Tapioca starch is widely used in food and non-food applications. Sometimes

it is used in the native form. A much wider variety of characteristics are available from

modified tapioca starches, tailor-made for individual applications. Thai tapioca starch,

both native and modified, is preferred by many industries including:

 

Food products

Native tapioca starch is widely applied in food recipes such as bakery products. It

is also used to produce extruded snacks and tapioca pearls. Modified starch, or starch

derivatives, have been applied as thickening, binding, texturizing and stabilizing agents.

Uses as fillers, sweeteners, flavor carriers and fat replacement in many food products

include canned food, frozen food, dry mixes, baked goods, snacks, dressings, soups,

sauces, dairy products, meat and fish products and infant food.

 

Beverage

Modified tapioca starch is used as a colloid stabilizer in beverages that include

solid constituents. Tapioca starch-based sweeteners can be produced with considerably

higher yields than sugar and are used in beverages as a sugar replacement. In combination

with other sweetener components, it can usually contribute to satisfying the customer’s

requirement. High dextrose equivalent syrups of tapioca-based hydrolysate are also good

sources of easily fermentable sugars for brewery applications.

 

Confectionery

Native tapioca and diverse types of modified tapioca starch are used in

confectionery for different purposes such as gelling, thickening, texture stabilizing, foam

strengthening, crystallization inhibition, adhesion, film forming, and glazing. Low

viscosity tapioca starches are widely used in gelled confectioneries such as jellies and

gums. The most often used one is acid-thinned starch due to its high retro-gradation and

gel formation characteristics, which are enhanced by the presence of sugars. Powdered

starches are used as mould release agents when casting confectioneries. Starch-based

polyols make the manufacture of sugar-free chewing gum possible.

 

Chemicals

Tapioca starch-based syrups are obtained economically by acid and/or enzyme

processes and used as feedstock to make various chemicals, including monosodium

glutamate, amino acids, organic acids, alcohols, ketones, vitamins and antibiotics.

Production techniques include chemical reaction, fermentation and other biotechnological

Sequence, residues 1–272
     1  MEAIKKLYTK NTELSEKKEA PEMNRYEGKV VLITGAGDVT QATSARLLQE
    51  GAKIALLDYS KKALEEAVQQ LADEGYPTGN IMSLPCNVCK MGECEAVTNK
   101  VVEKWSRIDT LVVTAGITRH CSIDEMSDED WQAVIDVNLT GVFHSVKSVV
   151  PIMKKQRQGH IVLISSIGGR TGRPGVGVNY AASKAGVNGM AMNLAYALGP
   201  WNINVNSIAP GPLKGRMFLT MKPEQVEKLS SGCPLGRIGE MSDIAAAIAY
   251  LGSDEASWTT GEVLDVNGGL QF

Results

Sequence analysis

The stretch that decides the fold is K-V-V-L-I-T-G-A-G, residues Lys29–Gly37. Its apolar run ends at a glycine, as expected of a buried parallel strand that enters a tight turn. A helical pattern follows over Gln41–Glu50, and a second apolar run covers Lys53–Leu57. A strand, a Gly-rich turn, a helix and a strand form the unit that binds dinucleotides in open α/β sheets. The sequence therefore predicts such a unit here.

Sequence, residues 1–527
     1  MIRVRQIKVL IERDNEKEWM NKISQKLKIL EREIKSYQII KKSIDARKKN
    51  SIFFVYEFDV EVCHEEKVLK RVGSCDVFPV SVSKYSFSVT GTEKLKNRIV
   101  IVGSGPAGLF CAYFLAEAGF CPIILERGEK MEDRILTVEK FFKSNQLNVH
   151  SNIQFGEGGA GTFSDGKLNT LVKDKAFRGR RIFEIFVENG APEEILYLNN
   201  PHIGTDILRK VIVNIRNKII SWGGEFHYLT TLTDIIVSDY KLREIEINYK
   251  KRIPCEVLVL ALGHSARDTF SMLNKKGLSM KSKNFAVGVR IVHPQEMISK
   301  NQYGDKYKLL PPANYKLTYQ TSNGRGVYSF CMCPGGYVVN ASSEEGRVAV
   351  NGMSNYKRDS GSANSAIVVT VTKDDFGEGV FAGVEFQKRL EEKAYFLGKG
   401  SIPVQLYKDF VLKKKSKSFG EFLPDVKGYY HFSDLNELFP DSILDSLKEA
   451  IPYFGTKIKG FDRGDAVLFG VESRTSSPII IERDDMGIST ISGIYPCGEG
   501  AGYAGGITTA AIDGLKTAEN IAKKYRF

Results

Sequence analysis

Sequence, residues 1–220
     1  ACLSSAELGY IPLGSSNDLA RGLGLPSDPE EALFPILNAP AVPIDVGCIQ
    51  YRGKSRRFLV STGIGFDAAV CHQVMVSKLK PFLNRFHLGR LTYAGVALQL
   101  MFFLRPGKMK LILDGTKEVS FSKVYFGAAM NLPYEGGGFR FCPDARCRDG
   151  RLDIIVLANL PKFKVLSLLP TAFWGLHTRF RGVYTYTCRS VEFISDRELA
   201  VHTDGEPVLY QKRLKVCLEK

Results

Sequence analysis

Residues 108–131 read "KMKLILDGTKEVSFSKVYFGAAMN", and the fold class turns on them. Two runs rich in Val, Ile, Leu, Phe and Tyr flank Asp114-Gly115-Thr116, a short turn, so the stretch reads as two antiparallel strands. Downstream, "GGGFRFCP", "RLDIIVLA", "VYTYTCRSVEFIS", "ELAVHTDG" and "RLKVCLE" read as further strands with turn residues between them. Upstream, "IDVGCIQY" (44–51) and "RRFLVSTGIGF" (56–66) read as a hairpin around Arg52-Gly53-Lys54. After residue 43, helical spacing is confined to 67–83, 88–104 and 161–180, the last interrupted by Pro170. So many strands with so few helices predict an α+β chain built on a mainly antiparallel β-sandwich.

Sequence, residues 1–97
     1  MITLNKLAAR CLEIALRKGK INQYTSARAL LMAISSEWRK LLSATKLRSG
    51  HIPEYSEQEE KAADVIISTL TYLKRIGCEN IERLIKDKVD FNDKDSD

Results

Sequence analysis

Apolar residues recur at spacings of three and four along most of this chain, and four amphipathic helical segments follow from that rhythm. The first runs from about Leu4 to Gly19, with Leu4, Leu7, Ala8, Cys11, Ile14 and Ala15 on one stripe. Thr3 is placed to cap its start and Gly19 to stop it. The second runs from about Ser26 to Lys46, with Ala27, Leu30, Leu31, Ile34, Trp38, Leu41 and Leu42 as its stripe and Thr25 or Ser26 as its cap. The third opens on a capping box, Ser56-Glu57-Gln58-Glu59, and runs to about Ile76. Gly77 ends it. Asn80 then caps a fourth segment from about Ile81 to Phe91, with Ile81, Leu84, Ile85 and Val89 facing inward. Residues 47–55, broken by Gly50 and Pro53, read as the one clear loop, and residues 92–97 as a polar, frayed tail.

processes.

 

Adhesives & Glue

Tapioca starch-based dextrins are excellent adhesives and used in many

applications including corrugated board, paper-bags, laminated board, gummed paper,

tapes, labels, stamps and envelopes.

 

Paper

Modified tapioca starches are applied in the paper industry to improve paper

quality, increase production rates, and improve pulp yield. Cationic starches are

employed to flocculate pulp, increasing de-watering rates on the wet end. Faster machine

speeds and better pulp yields result. The starch remains in the finished paper, acting as an

internal sizing agent to increase the paper strength. Low viscosity starches, such as

oxidized starches, are applied as surface sizing to improve the strength and control ink

absorption properties for printing and writing. Modified tapioca starches are also used as

a pigment binder for surface coating to obtain a smooth, white paper.

 

Textile

Tapioca starches are used in the textile industry as sizing agents to stiffen and

protect the thread for improved weaving efficiency. They are also used as finishing

agents to obtain smooth fabrics, and color thickeners to obtain sharp and durable printed

fabrics. For this purpose, thin-boiled starches are usually preferred.

 

Pharmacy and Cosmetics

Native and modified tapioca starches are used as binders, fillers and disintegrating

agents for tablet production. Specialty modified starches are used as a carrier for skin

moisturizers, which are frequently mineral oil based. Other modified starches are used as

emulsifiers, encapsulating agents (vitamins), sizing (mousse for hair), thickeners

(shampoo), etc.

 

Biodegradable materials

Native and modified tapioca starches can be blended with petroleum-based or

synthetic polymers to improve the biodegradability and minimize the production cost of

more environmentally friendly materials.